The exhaust system of modern Diesel engines has become an extremely complex device.
The necessity to reduce the harmful components from the exhaust gases, forced by law, became the reason for this.
During the combustion proces of Diesel fuel, with local oxygen deficiency, soot particles with a size not exceeding 10 µm, known as PM10 or also as “TSP” (Total Suspended Particulates), are formed. Research shows that the risk of developing cancer of the human respiratory system increases from 20% to 50% in people who are constantly in the environment of working with compression ignition engines. In cities, this risk applies not only to people working directly on the engines, but also to people who come into contact with urban traffic.
There are two ways to reduce PM10 in the exhaust gas. One is the engine design changes and better control of the combustion process in the engine and the reduction of sulfur contained in the fuel, which allows the reduction of PM10 by 5-10%. The second, much more effective method is the capture of PM10 directly from the engine exhaust gases. Diesel Particle Filters are used for this purpose. The first passenger car equipped with such a filter was the Peugeot 607 back in 2000.
In the filter, particles are collected until the filter is fully saturated. This condition occurs after about 700 km. The on-board electronics of the engine is informed about this state by the DPF sensor, which measures the pressure difference upstream and downstream of the DPF. When this condition is achieved, the filter must be cleaned. For the soot to burn, the exhaust gas temperature must be higher than soot ignition temperature, i.e. around 550 ° C. The problem with everyday traffic is that the exhaust gas does not always achieve the sufficient temperature. In order to raise the exhaust gas temperature above the soot flash point, additional fuel is injected into the cylinder at the end of the combustion stroke, which is burned in the exhaust system, raising the exhaust gas temperature to the level in which the PM10 burns out. During this process, intense white smoke consisting of ashes is emitted from the exhaust system after the soot particles from the DPF are burned.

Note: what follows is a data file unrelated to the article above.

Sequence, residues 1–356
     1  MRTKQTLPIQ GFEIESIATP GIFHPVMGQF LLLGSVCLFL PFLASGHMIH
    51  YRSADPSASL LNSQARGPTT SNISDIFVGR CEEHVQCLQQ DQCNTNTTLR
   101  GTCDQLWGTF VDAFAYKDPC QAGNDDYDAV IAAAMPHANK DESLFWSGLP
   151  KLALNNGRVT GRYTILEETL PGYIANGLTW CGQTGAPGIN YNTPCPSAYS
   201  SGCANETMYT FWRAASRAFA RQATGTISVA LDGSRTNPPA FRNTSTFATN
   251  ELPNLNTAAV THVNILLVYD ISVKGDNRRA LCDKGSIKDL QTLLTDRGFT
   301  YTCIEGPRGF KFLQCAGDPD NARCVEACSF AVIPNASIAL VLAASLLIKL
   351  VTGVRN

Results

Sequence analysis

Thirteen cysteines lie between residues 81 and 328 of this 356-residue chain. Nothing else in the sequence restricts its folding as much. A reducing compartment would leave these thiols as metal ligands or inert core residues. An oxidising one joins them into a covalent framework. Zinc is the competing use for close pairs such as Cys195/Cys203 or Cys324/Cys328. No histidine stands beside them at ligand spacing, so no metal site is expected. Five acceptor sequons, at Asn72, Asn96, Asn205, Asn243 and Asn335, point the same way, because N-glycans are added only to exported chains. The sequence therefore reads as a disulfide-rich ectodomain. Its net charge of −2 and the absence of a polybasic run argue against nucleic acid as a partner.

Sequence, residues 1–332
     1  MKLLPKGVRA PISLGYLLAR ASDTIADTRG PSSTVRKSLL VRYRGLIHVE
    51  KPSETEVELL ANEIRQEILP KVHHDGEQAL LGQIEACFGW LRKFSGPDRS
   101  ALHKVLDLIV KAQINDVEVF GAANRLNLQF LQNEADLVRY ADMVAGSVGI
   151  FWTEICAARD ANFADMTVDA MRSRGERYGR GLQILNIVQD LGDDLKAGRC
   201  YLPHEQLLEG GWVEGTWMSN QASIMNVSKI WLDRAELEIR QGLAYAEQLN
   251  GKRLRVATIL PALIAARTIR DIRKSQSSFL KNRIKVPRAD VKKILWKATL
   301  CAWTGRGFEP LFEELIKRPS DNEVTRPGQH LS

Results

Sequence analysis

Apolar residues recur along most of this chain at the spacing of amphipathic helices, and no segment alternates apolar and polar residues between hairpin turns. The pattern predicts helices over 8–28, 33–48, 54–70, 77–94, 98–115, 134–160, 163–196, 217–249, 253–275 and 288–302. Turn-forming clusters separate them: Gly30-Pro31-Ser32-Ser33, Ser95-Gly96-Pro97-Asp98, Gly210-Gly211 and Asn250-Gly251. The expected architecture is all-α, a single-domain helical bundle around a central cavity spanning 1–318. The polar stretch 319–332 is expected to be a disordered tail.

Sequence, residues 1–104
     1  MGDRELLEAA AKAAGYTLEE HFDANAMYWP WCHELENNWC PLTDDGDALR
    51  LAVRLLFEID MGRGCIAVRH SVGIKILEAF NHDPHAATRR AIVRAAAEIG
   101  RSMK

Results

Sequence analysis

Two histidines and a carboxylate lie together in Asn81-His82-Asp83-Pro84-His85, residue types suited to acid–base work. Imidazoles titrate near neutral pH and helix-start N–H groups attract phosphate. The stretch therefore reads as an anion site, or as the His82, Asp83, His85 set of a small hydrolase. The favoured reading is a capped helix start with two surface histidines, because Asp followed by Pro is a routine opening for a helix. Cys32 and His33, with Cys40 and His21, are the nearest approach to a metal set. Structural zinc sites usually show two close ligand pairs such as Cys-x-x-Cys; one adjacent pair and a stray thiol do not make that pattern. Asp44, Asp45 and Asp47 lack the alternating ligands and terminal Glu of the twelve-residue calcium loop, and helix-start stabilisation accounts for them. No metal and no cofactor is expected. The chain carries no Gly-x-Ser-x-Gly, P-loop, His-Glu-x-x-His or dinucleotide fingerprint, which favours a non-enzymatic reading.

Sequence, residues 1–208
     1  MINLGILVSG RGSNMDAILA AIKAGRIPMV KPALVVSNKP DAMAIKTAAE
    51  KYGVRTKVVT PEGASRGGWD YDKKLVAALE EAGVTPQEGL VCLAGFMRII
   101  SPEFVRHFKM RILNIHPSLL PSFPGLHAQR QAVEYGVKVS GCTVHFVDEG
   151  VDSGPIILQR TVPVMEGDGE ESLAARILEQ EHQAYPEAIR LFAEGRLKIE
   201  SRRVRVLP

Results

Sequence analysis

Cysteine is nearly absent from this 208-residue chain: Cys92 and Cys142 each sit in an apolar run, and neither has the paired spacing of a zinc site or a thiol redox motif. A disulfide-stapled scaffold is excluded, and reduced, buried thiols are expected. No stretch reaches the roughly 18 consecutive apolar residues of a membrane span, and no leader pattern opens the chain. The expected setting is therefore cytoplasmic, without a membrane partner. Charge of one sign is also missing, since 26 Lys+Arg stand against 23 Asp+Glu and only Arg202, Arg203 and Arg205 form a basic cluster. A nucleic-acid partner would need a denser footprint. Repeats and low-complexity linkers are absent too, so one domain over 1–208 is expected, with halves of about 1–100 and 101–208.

In the ADAC test covering over 80,000 km, the Peugeot 607 – the first passenger car to be fitted with a particle filter – emitted only 0.001 g of particles per kilometer. It was only 4% of the limit value allowed by the Euro 4 emission standard. Quoting the ADAC – it can be concluded that passenger cars with particle filters practically do not produce soot particles.
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Msc. Eng. Jacek Gembara